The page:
Notes on Parenting

Insights for parenting babies, toddlers, teens, and young adults.

Tuesday, February 22, 2011

Divorce Is An Adult Issue: Helping Kids Adjust According To Their Stage Of Development

By: Dyan Eybergen, BA, RN

Today's statistics suggest that 50% of all marriages end in divorce. Every year more than a million kids endure the break-up of their parents. This means about 1/3 of all children in the United States live in divorced homes. That's a lot of kids living with the same experience, however, every child's feelings about their parent's divorcing is individual and their capacity for understanding how their family will change greatly depends on their age and stage of development.
When parents have a better appreciation for how their children learn given their children's current development stage, it is easier for them to customize the way in which they will assist their children through their divorce.

If divorce is pending in your family, here is a simple guide through the stages of development that can be used as starting blocks to assisting you in making the transition the best it can be for your children. Remember, divorce is an adult issue, it does not change the fact that you are still Mom and Dad. Your children will expect and rely on you to keep being their Mom and Dad regardless of where you live.

Birth - 18 months
  • children of this age thrive on routine. Establish consistent routines and keep up frequent contact with both parents.
  • prepare for separation anxiety that usually peeks around 18 months of age. Maintaining familiarity between the child and both parents helps establish healthy attachment and will make transitions from one parent to another less anxiety provoking.
3-5 years
  • providing reassurance is crucial at this stage. Children will often begin to worry and have fears around this stage of development. It's important for parents to recognize fears and an eagerness to please adults as a normal part of development. Children at this age may start to wonder why mom and dad split up. Address all fears in a caring matter of fact way and establish a milieu that allows loyalty to both parents, giving many reminders that they are loved by both parents and that will never change.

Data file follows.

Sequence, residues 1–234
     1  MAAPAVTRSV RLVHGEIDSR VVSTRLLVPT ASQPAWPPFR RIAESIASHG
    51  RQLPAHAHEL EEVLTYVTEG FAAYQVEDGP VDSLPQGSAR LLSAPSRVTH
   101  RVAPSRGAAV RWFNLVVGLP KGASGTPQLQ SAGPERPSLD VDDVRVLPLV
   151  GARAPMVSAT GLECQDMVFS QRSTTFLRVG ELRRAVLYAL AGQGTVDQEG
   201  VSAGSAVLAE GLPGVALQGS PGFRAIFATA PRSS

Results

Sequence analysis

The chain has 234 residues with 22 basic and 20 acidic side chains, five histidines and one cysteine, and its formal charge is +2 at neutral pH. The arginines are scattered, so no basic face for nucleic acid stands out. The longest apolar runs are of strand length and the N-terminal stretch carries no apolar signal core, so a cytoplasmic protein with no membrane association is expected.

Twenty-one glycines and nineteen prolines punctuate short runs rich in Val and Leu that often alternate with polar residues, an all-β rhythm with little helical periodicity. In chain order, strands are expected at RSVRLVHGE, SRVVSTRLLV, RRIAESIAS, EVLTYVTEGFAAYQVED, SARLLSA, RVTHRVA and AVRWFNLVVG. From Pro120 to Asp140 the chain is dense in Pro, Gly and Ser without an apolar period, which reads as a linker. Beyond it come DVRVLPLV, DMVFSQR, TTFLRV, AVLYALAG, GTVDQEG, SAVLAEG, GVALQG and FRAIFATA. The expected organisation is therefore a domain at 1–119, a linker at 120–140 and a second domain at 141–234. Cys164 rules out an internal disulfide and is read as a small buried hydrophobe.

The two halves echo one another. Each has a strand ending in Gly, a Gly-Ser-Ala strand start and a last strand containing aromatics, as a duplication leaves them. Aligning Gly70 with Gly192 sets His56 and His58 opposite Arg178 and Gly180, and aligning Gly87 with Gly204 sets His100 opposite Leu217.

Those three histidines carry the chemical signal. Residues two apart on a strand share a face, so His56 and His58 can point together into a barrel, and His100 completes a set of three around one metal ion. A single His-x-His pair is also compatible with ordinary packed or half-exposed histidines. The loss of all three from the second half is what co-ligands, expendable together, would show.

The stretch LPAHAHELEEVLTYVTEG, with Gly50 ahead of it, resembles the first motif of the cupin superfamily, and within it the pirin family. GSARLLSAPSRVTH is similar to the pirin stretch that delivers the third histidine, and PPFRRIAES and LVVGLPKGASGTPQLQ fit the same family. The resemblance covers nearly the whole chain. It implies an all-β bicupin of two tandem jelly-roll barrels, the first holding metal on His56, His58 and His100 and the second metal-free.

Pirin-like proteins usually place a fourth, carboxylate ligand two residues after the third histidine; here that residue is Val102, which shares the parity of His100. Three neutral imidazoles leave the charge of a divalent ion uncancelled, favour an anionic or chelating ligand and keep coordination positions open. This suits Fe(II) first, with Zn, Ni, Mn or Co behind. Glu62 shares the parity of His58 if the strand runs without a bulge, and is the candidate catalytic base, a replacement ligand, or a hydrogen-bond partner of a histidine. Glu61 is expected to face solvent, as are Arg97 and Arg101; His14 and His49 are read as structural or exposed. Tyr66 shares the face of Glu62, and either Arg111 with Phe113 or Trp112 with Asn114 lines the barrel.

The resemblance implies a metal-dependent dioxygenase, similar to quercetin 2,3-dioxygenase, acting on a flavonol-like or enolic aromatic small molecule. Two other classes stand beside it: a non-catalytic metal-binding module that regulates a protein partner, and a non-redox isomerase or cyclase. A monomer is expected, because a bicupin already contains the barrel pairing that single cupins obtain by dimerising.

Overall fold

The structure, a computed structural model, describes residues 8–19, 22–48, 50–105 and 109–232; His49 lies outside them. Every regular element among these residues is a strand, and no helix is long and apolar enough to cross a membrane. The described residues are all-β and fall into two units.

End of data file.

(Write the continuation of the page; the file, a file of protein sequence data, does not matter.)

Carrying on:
6-8 years
  • Children at this stage of development are building self confidence and establishing the concept of "self". Encourage a child's confidence by demonstrating good modeling in how you take care of yourself and effectively communicate with your ex-spouse. Showing self-control and respect will instill like qualities in your child.
9-12 years
  • children at this age will begin the emotional ride through to puberty. They may play one parent against the other and have difficulty showing loyalty to both parents at the same time. They may contemplate: "if my parents really loved me, wouldn't they stay together?" Help a child to foster a solid relationship with both parents.
13-18 years
  • Both parents need to make a concerted effort to be available as a role model and sounding board for their child. Parents need to develop a sound co-parenting plan and work together in the best interest of their children. Include children in discussions about rules in each house. Keep each other informed about your children's extracurriculars, friends and interests.
For parents who are divorcing the most important aspect to transitioning children is making sure that they feel loved and that they do not feel that the security of their future is jeopardized. Alleviate any uncertainties and resolve communication breakdowns quickly. Make respect a family norm and as your children grow remember to consider their stage of development when co-parenting.



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